The Watertight query determines if a three-dimensional surface mesh, of the plot highlighted in the Plot list, is “watertight”, meaning that it is a closed volume with mesh connectivity such that every edge is incident to exactly two faces. This means that no edge can have a duplicate in the exact same position. The result of the query is printed in the Query results.
Weighted Variable Sum
The Weighted Variable Sum query adds up the variable values, weighted by cell size (volume in 3D, area in 2D, length in 1D), for all cells using the plot highlighted in the Plot list and prints the results to the Query results. VisIt can produce a Curve plot of this query with respect to time.
Connected Component Weighted Variable Sum
Performs the same operation as Weighted Variable Sum query except individually for each component of a disconnected mesh. The query result is a list of values, one for each component.
XRay Image
See X Ray Image Query.
ZoneCenter
The ZoneCenter query calculates the zone center for a certain cell in the database used by the highlighted plot in the Plot list. The cell center is printed to the Query results and the Pick Window.

8.2.2.2. Point Queries

Pick

In general, the Pick query allows users to query a single zone or node at a user specified location in the dataset. There are several options for determining how this zone or node is chosen:

  1. Pick using coordinates
  2. Pick using domain and element id
  3. Pick using unique element label

It’s important to make sure that the plot you wish to query is highlighted in the Plot list. Information from your picked element, when available, will appear in both the Pick Window and the Query results window. If querying a 3D dataset, the queried element need not be on the surface of the mesh.

The Pick query also provides the option to generate a curve with respect to time, allowing the user to set the start time, stop time, and stride. Note on performance: when generating a curve over time, users have the option to preserve either the picked coordinate or the picked element. While each of these choices will produce very different results, it’s worth keeping in mind that preserving the picked element will be substantially faster than preserving the picked coordinate when working with datasets with large numbers of time steps.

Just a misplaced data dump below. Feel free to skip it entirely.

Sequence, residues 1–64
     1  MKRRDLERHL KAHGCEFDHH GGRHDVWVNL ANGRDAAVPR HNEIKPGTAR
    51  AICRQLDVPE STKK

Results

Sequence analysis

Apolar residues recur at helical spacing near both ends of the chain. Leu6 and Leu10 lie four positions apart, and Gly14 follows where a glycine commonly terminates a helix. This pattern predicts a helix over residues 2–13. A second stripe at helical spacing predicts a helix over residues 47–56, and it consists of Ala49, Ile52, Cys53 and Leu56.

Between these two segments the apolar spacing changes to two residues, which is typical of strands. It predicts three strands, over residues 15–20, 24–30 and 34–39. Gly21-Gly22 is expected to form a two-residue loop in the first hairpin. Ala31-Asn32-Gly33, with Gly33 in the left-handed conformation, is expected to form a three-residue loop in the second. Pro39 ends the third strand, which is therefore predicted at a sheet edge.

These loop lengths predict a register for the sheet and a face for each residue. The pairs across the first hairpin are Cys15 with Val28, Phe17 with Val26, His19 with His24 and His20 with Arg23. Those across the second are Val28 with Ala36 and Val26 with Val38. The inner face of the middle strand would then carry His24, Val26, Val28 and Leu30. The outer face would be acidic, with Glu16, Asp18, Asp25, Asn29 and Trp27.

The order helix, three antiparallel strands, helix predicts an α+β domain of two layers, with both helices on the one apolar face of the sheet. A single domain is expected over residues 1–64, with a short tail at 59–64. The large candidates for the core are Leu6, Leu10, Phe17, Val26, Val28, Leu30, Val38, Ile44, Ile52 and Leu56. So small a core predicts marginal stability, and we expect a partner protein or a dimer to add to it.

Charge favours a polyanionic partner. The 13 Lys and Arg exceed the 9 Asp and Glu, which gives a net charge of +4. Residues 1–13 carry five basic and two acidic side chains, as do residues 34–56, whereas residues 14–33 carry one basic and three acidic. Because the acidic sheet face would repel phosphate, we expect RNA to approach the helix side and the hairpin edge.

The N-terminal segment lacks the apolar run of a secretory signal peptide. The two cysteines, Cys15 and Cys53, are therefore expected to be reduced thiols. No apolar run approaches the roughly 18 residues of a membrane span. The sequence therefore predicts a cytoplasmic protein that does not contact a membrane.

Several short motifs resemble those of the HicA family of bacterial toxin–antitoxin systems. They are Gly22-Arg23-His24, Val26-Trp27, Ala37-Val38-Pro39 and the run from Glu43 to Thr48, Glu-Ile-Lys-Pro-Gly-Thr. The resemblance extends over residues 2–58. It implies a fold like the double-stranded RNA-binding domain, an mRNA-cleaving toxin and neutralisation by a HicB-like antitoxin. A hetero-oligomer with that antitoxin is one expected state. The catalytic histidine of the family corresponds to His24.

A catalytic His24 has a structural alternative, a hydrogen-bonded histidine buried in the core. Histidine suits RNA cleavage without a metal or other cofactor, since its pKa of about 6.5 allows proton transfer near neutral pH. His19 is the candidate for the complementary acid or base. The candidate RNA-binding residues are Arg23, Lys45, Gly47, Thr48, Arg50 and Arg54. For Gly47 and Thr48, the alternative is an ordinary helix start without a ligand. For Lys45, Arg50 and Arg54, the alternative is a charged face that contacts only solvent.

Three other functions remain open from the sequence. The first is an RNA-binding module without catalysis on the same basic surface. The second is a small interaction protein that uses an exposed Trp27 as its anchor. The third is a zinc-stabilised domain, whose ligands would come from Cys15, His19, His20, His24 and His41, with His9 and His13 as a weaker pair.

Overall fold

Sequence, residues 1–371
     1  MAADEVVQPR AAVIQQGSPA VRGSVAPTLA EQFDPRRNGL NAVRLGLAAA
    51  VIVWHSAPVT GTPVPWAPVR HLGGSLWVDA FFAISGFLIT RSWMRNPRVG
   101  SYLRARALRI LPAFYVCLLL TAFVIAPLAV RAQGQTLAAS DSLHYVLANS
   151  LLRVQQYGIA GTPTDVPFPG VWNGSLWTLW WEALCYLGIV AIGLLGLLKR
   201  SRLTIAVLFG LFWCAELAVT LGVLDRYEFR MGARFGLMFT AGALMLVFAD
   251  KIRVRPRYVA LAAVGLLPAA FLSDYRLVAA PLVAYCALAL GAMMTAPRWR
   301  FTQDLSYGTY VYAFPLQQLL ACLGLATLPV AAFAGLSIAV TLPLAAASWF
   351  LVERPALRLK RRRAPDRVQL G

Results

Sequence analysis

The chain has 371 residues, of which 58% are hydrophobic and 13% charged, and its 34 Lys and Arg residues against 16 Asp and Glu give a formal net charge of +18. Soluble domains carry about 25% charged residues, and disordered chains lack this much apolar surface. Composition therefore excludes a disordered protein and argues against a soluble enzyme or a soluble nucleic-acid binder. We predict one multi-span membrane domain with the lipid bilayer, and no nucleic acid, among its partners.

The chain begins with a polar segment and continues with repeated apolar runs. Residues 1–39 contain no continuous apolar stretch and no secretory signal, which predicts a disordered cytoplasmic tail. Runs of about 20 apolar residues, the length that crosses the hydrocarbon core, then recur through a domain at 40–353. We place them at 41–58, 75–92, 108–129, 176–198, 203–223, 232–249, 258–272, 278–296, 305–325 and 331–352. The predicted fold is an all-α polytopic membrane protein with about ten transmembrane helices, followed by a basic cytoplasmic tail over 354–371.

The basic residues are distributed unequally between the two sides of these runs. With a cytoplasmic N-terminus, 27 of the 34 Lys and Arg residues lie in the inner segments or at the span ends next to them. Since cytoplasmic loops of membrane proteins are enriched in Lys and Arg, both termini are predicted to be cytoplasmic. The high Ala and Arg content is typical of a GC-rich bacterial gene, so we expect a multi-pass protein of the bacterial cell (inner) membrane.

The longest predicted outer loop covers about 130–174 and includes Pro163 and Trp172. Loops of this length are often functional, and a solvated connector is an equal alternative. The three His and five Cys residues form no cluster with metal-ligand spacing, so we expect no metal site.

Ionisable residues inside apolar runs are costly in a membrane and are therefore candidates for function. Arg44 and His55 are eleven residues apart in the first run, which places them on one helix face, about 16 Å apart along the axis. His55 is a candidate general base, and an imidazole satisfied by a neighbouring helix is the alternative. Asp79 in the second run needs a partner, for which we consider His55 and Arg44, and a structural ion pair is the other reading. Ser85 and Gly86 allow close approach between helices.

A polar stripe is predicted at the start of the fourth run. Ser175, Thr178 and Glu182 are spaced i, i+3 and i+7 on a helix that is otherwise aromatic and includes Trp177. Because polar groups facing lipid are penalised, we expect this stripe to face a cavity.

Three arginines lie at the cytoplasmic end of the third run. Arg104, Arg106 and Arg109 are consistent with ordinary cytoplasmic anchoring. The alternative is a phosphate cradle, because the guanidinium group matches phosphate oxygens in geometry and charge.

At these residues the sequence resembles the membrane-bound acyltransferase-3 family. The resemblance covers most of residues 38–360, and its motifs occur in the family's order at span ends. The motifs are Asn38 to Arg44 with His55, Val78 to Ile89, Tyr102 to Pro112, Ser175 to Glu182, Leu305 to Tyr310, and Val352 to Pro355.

TrajectoryByNode and TrajectoryByZone
The TrajectoryByNode and TrajectoryByZone queries first perform a Pick using domain and element id on their respective elements, and they then generate a curve plotting one variable with respect to another. You’ll notice that, next to the Variables parameter, there is a text box containing default variables var_for_x and var_for_y. Replace these defaults with your desired variables for the query, and the resulting curve will plot your replacement for var_for_x with respect to var_for_y.

8.2.2.3. Line Queries

Lineout
The Lineout query creates a new instance of the highlighted plot in the Plot list, applies a Lineout operator, and copies the plot to another vis window. The properties of the Lineout operator such as the start and end points are set using the controls in the Query parameters area of the Query Window. Creating Lineouts in this manner instead of using VisIt’s interactive lineout allows you to create 1D Curve plots from 3D databases.

8.2.3. Executing a query

VisIt has many queries from which to choose. You can choose the type of query to execute by clicking on the name of the query in the Queries list. The Queries list usually displays the names of all of the queries that VisIt knows how to execute. If you instead want to view a subset of the queries, grouped by function, you can make a selection from the Display as combo box. Once you have clicked on a query in the Query list, the Query parameters area updates to show the controls that you need to edit the parameters for the query. In the case of a point query like Pick, the only parameters you need to specify are the 3D point where VisIt will extract values and the names of the variables that you want to examine. Once you specify the query parameters, click the Query button to tell VisIt to process the query. Once VisIt has fulfilled your request, the query results are displayed in the Query results at the bottom of the Query Window.

8.2.4. Querying over time

Many of VisIt’s queries can be executed for every time state in the database used by the queried plot. The results from a query over time is a Curve plot that plots the query results with respect to time. The Query parameters area contains a Time Curve button when the selected query can be plotted over time. Clicking the Time Curve button executes the selected query for each time state in the database used by the plot highlighted in the Plot list. VisIt then creates a new Curve plot in a new vis window and uses the query results versus time as the curve data.

../../_images/queryovertimewindow.png

Fig. 8.7 Query Over Time Window